I turned on StayFocused last Thursday and set it for a week. I locked myself out of Twitter and Facebook.
Because so many people now message via Twitter and Facebook I did check via Chrome on my phone once a day. But I didn’t check the stream of messages at all.
Obviously a lot has happened in the news over the past week. Being off Twitter meant I found out about thinks a bit more slowly. But that’s OK.
I’m back on Twitter. But I am not going to reinstall it on my phone. I try and be accessible to people and respond to them…but over the years it has gotten too much. I get tagged in so many conversations. From now on I’m much more likely to ignore them.
There are still things Twitter is useful for. Things I want to say that are easier to say there. But most of the “conversations” are not worth it. Many of them are circle-jerks. In other cases a sincere person like Nicholas Christakis has to show almost Job-like patience with others who don’t play by rules of fairness and charity.
Facebook is a different case. I don’t use it to chatter with people. Rather, I post about my children or what I’m eating. I like baby pictures and see what’s happening in peoples’ lives who I know in some way. I missed it, but not that much. But I also now think it is far less toxic (in part because I’ve “trained” Facebook not to show me all the political arguments and such). I think this week has given me insight into why Facebook is so much more popular and valuable than Twitter.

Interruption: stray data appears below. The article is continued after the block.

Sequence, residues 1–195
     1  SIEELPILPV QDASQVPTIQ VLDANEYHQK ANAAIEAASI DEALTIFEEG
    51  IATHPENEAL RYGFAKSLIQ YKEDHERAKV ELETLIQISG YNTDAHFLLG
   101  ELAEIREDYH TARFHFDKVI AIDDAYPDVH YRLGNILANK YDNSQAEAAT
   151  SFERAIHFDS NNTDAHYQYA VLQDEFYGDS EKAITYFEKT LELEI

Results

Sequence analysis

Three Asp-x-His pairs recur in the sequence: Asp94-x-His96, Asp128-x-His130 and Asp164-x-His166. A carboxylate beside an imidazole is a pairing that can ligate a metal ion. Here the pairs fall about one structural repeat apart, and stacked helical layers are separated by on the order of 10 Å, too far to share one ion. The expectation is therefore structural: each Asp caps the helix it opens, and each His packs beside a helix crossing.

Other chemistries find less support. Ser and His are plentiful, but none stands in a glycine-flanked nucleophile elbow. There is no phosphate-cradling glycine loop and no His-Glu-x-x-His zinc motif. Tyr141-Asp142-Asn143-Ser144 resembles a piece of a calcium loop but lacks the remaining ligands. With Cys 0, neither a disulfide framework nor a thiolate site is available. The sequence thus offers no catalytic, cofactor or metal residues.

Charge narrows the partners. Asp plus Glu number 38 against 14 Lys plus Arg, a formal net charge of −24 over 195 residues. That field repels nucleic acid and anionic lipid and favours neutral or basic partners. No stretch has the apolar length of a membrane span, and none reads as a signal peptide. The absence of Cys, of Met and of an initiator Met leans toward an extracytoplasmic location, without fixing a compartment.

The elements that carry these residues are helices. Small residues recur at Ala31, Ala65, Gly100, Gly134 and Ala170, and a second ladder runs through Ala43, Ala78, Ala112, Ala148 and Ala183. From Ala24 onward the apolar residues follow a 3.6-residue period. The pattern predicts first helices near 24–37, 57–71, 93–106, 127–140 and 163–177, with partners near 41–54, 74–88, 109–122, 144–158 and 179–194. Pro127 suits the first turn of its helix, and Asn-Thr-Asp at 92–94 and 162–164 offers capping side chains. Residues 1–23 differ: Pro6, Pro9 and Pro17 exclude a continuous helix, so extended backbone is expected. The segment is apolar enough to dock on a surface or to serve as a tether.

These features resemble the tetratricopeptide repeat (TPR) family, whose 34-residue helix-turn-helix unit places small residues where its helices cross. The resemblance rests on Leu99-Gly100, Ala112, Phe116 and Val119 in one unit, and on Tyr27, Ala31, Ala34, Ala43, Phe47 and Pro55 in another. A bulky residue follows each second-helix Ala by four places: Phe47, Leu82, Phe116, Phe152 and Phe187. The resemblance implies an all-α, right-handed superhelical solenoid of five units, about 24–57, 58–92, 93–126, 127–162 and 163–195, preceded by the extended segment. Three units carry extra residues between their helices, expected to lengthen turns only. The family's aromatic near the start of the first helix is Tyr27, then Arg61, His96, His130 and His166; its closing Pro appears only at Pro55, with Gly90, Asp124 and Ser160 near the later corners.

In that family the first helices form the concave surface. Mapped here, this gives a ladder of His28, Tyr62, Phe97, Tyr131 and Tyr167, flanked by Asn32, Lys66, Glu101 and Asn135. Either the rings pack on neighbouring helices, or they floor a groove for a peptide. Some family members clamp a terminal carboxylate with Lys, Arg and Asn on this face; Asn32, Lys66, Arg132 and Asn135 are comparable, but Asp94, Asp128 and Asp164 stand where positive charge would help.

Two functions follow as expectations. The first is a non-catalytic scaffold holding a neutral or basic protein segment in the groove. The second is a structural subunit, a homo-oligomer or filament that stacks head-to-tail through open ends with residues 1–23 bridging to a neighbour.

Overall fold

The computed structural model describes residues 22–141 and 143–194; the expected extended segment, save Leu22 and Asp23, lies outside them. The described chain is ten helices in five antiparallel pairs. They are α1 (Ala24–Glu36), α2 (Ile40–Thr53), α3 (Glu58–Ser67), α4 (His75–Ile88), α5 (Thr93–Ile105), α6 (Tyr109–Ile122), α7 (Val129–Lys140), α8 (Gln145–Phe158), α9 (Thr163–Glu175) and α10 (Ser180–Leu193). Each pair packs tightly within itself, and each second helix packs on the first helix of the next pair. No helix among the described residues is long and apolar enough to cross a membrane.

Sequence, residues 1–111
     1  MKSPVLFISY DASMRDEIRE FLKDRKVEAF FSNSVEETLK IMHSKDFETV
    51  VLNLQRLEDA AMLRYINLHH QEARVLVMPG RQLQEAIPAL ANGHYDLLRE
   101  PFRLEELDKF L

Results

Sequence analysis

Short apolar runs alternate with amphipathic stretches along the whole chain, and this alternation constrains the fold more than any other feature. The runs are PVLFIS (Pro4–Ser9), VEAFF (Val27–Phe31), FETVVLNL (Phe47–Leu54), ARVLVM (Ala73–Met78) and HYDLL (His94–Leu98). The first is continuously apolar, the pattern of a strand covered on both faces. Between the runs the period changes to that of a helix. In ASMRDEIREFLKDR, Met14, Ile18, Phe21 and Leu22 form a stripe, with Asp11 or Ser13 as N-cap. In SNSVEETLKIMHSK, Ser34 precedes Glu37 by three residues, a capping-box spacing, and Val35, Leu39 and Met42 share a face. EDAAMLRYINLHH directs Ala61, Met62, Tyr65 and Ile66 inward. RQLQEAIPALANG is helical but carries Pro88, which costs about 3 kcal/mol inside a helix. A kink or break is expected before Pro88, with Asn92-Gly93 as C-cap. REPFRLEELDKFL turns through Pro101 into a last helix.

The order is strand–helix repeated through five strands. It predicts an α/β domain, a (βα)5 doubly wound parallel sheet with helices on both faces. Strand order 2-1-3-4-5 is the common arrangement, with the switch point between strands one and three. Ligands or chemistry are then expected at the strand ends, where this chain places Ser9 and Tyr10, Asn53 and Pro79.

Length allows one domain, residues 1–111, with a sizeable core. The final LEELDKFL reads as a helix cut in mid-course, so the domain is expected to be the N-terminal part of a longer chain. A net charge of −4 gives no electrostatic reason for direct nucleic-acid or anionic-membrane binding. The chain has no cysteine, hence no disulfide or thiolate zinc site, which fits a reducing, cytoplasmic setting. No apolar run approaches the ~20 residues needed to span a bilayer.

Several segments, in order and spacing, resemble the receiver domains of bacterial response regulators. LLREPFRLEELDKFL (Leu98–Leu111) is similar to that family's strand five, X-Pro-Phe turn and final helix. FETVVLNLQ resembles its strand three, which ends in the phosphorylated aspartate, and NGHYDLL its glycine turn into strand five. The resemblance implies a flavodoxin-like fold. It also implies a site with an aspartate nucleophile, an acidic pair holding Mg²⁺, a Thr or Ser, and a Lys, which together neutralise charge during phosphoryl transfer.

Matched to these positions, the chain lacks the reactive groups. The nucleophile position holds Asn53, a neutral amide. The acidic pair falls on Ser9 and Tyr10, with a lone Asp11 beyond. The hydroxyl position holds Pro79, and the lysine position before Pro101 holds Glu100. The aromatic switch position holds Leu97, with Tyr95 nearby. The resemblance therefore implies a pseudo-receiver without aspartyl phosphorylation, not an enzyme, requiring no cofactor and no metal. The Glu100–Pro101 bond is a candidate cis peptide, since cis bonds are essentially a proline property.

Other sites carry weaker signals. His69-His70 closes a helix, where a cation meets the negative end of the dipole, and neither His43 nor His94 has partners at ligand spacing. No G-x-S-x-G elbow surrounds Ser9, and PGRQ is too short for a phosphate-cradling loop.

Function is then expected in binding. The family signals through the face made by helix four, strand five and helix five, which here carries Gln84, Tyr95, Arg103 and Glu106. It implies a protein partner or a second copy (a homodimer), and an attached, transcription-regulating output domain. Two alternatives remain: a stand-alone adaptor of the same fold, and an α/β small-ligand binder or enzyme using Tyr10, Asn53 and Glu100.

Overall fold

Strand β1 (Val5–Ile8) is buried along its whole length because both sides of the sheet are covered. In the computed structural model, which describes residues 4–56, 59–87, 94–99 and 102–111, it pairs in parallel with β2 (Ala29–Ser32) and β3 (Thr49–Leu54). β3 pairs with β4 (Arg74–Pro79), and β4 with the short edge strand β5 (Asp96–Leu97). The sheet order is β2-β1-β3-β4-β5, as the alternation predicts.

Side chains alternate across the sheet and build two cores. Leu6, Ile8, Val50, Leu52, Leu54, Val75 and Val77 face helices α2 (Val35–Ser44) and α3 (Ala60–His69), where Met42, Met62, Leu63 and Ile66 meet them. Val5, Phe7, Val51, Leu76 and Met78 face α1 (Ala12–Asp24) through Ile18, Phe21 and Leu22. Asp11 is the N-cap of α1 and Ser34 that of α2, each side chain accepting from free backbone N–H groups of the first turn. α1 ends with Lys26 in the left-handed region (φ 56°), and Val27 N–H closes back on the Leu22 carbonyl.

On the balance when it comes to intellectual discourse, I think Twitter has made things worse.
I’ve made it clear that I think we may be headed for a post-Twitter world sooner rather than later. It’s user base has been plateauing for a while. Perhaps Twitter will go into a slow decline, and eventually be relegated to a niche utility, rather like MySpace. In Twitter’s case its utility for breaking news and journalists seems clear.
Recently a friend of mine who is a professor who studies evolution mentioned offhand that he was seeing a decline in the corner of Twitter where we’re active…let’s say the genetics/genomics/evolutionary genetics network. Thinking about it I think he is correct.
When I first got on Twitter I used it 90% to auto-tweet posts from my blog. But eventually I got sucked into a conversation on topics of professional interest, primarily relating to genomics technologies and applications. As genomicists are already usually on a computer, they took to Twitter very early. This is still evident on the Life Sciences Top 100 list.
Many of those vibrant and nuanced conversations don’t happen anymore. Why? I notice many people who not only don’t tweet much, but have protected their account. Twitter is an open medium and tsunamis of mob action occasionally percolate into the science chatter. Social justice commissars on the Left and alt-right Nazis on the Right are always waiting and watching in the wings, ready to pounce and saturate your timeline. Why would any normal person subject themselves to this? Better to keep a low profile.
So what’s the future? Some, such as myself, have always had a blog presence. Over time I may use my blog in different ways. Imagine, for example, a personal Twitter-like sidebar where quick notes and observations could be posted to complement the primary content. Additionally, I’m trying to diversify. I’ve always had the Feedburner Feed, but not everyone uses RSS anymore, and who knows how long Google will support Feedburner? That’s one reason I’ve been trying to grow my e-list, as e-mail looks likely to stick around for a while.
Finally, I’m pretty focused on continuing this blog where I have control of the platform and the technical details. That means more work for me, and probably less traffic. But as the future proceeds I’m pretty certain that there’s going to be disruption of the normal channels of media distribution, as conventional media’s prestige declines. Best to control the means of your production.